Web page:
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Mfn2 modulates the UPR and mitochondrial function via repression of PERK

Juan Pablo Muñoz, Saška Ivanova, Jana Sánchez‐Wandelmer, Paula Martínez‐Cristóbal, Eduard Noguera, Ana Sancho, Angels Díaz‐Ramos, María Isabel Hernández‐Alvarez, David Sebastián, Caroline Mauvezin, Manuel Palacín, Antonio Zorzano

Author Affiliations

  1. Juan Pablo Muñoz1,2,3,
  2. Saška Ivanova1,2,3,
  3. Jana Sánchez‐Wandelmer1,2,3,
  4. Paula Martínez‐Cristóbal1,2,3,
  5. Eduard Noguera1,2,3,
  6. Ana Sancho1,2,3,
  7. Angels Díaz‐Ramos1,2,3,
  8. María Isabel Hernández‐Alvarez1,2,3,
  9. David Sebastián1,2,3,
  10. Caroline Mauvezin1,2,3,
  11. Manuel Palacín1,2 and
  12. Antonio Zorzano*,1,2,3
  1. 1 Institute for Research in Biomedicine (IRB Barcelona), Barcelona, Spain
  2. 2 Departament de Bioquímica i Biologia Molecular, Facultat de Biologia, Universitat de Barcelona, Barcelona, Spain
  3. 3 CIBER de Diabetes y Enfermedades Metabólicas Asociadas (CIBERDEM), Instituto de Salud Carlos III, Barcelona, Spain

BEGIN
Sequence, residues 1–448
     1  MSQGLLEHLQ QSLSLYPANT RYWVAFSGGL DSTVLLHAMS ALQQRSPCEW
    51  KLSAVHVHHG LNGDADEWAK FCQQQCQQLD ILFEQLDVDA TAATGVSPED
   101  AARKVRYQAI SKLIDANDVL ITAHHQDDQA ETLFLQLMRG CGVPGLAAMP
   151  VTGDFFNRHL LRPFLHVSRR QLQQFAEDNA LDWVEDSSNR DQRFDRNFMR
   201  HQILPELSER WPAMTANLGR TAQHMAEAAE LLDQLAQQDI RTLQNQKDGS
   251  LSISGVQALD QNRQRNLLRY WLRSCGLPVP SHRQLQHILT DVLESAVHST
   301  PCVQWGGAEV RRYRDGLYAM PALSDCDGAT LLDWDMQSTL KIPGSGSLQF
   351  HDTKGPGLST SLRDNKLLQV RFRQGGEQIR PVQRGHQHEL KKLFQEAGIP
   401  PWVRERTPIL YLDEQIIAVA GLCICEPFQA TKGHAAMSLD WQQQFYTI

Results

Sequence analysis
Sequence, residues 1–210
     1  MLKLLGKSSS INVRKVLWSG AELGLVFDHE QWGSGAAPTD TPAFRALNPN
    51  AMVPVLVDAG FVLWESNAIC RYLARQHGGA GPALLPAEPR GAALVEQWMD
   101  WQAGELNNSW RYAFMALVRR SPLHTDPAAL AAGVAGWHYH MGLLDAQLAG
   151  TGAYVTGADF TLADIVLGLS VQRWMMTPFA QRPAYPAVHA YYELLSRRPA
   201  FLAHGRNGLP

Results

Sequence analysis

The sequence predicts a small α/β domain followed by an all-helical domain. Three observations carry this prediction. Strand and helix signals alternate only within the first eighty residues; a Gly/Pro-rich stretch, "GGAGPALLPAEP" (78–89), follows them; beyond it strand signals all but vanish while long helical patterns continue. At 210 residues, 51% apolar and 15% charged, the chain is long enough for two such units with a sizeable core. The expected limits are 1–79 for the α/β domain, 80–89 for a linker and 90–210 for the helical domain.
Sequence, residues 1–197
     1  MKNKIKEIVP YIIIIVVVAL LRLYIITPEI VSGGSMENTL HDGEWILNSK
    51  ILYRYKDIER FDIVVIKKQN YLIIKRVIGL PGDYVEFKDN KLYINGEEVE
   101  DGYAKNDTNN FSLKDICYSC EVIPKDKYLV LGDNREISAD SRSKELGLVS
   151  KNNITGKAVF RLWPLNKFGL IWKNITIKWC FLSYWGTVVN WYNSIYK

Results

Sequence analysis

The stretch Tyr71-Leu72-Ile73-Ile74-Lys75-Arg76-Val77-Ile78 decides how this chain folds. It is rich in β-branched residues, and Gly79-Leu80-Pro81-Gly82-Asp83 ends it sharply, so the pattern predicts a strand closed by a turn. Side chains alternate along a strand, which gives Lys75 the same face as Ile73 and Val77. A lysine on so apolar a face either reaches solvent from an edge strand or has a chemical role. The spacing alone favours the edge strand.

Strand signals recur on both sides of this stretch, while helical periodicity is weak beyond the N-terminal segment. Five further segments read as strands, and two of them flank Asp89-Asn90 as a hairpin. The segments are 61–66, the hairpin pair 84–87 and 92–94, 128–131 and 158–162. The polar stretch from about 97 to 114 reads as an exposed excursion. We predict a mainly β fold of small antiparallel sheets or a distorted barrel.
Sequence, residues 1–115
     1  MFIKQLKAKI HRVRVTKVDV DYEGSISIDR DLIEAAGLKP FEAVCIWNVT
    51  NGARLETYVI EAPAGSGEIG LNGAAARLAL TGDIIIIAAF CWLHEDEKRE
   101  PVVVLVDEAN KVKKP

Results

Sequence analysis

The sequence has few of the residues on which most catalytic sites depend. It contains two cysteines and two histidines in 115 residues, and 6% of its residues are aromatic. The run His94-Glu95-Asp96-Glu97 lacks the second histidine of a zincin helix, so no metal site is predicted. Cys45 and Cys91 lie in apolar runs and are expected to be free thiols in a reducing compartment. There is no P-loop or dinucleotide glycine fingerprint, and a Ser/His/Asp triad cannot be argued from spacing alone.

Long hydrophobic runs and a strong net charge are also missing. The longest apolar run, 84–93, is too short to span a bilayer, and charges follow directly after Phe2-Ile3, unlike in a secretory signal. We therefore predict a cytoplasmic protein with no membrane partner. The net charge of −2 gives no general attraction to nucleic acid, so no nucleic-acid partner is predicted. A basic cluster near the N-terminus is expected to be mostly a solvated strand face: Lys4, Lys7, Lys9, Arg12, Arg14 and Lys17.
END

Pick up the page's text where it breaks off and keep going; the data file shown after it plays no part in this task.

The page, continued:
1. *Corresponding author. Institute for Research in Biomedicine (IRB Barcelona), C/Baldiri Reixac 10, 08028 Barcelona, Spain. Tel.:+34 93 4037197; Fax:+34 93 4034717; E-mail: antonio.zorzano{at}
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Mitofusin 2 (Mfn2) is a key protein in mitochondrial fusion and it participates in the bridging of mitochondria to the endoplasmic reticulum (ER). Recent data indicate that Mfn2 ablation leads to ER stress. Here we report on the mechanisms by which Mfn2 modulates cellular responses to ER stress. Induction of ER stress in Mfn2‐deficient cells caused massive ER expansion and excessive activation of all three Unfolded Protein Response (UPR) branches (PERK, XBP‐1, and ATF6). In spite of an enhanced UPR, these cells showed reduced activation of apoptosis and autophagy during ER stress. Silencing of PERK increased the apoptosis of Mfn2‐ablated cells in response to ER stress. XBP‐1 loss‐of‐function ameliorated autophagic activity of these cells upon ER stress. Mfn2 physically interacts with PERK, and Mfn2‐ablated cells showed sustained activation of this protein kinase under basal conditions. Unexpectedly, PERK silencing in these cells reduced ROS production, normalized mitochondrial calcium, and improved mitochondrial morphology. In summary, our data indicate that Mfn2 is an upstream modulator of PERK. Furthermore, Mfn2 loss‐of‐function reveals that PERK is a key regulator of mitochondrial morphology and function.

  • Received September 25, 2012.
  • Accepted July 3, 2013.
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